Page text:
Widerberg’s synthesis of chaste geometries and sensuous forms recurs throughout his oeuvre and in different idioms. His habitual subjects include heads, busts, torsos, pillar figures and occasionally animals, all of which are realised in inherently expressive materials, often in combination. His bronzes, for instance, have something of that instantaneous mutability of clay which was so typical of Rodin, another of his heroes. It enables the torsos to yearn for movement even when they are cast. As time has passed, however, he has come to prefer carving. The more intractably resistant it is, the more he enjoys the challenge. Carving is an essential part of the abstract language that he articulates so that traces of the chisel and hammer coexist with polished or faceted areas which interact with exposed, rough and abraded surfaces. This concern with materials even includes plinths. In a sense they cease to be plinths becoming instead an integral part of the sculpture. They transcend mere presentation, a diabase plinth, for instance, acting as a perfect foil for, say, a bronze torso: abstract cube counters “soft” anatomy. The torsos particularly are rooted to the plinths or are deftly suspended above them: poise and equilibrium are distinctively crucial features of this series. It’s interesting too that in his studio they can be seen in their inchoate state as rough blocks of granite with rudimentary chalk drawing on them. Evidently they are visualised holistically as vertical works while remaining horizontal when being carved.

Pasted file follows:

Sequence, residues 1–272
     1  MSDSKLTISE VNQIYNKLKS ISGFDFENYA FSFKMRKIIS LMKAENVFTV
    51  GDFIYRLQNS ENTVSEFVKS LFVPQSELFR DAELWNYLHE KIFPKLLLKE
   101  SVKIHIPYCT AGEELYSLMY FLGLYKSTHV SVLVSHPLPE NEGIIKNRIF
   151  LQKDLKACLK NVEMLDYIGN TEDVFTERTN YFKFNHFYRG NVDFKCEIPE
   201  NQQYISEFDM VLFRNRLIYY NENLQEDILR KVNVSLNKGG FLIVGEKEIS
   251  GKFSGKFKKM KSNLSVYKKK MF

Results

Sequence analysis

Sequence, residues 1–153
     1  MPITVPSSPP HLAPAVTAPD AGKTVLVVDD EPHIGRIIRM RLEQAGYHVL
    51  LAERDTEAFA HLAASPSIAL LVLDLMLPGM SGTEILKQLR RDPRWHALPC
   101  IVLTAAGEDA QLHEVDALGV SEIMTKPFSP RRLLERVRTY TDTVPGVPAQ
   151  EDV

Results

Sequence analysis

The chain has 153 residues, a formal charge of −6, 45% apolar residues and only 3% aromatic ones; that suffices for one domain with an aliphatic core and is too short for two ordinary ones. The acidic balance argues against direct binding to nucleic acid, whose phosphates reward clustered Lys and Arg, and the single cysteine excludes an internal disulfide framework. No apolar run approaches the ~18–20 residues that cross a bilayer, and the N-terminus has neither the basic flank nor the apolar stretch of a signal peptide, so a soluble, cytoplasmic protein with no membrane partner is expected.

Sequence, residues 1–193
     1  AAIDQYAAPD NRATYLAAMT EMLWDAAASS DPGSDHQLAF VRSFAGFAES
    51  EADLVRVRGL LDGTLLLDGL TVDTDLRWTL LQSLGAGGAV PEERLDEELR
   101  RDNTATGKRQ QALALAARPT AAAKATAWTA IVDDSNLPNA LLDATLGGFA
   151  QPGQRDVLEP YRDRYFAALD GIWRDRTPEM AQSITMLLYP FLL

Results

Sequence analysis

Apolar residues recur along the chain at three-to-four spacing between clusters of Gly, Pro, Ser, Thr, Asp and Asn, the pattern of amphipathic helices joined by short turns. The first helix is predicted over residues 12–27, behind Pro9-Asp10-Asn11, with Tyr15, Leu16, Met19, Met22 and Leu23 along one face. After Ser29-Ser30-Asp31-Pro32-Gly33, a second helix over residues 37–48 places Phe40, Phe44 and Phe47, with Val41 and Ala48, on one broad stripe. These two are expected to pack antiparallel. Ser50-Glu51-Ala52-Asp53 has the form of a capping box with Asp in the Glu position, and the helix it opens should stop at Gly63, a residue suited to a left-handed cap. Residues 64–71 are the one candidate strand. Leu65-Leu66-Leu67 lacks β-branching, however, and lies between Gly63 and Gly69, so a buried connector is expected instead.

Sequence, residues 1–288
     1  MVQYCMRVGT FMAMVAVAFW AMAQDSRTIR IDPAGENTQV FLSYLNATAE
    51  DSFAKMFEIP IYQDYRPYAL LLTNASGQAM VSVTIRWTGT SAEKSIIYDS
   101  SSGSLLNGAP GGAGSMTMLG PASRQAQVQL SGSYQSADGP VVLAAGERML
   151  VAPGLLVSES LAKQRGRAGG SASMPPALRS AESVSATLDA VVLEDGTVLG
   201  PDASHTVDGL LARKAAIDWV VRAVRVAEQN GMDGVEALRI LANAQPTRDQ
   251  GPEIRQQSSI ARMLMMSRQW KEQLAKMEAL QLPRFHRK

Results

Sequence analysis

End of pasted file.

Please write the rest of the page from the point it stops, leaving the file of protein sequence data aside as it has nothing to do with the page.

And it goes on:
As the foregoing suggests, Widerberg’s pragmatism is undeniable but, to repeat a truism, art begets art, and Nico’s enthusiasm for the work of Marino Marini, Mimmo Paladino, Henry Moore, Ipoustequy, Rodin and Giacometti has patently affected his own. Two of these heroes, Giacometti and Paladino, are particularly significant. Nico’s pillar figures inevitably invite comparisons with Giacometti’s existential sentinels, those etiolated figures which appear to have been eroded by the space which surrounds them. Nico’s figures with their elementally shrunken arms and illogically bulging legs are charged, nonetheless, with “an energy that fills the room,” as one of his patrons once remarked.
Paladino, however, is a more powerful influence. Nico had first become aware of him during his stay at Pietrasanta (Carrara) in 1984. There was also a major Paladino show at the Oslo Kunstnernes Hus the following year which enormously impressed the ambitious 24 year-old. To encounter work which at one level was like the material embodiment of Italo Calvino’s sublime fantasies must have been hugely refreshing after the constraints of pure abstraction. Paladino had reintroduced myth, narrative and extraordinary surrealistic invention into sculpture, qualities reinforced by radical changes of scale and daring combinations of materials.
. Today, many artists riding the tiger of an accommodation with the values of media and celebrity culture, favour the tactics of shock, confrontation and transgression, their ultimate purpose ostensibly being catharsis. Like the Buddhists, Nicolaus Widerberg, ever the nonconformist, surveys the world unflinchingly and opts for meditation, healing and redemption.
© William Varley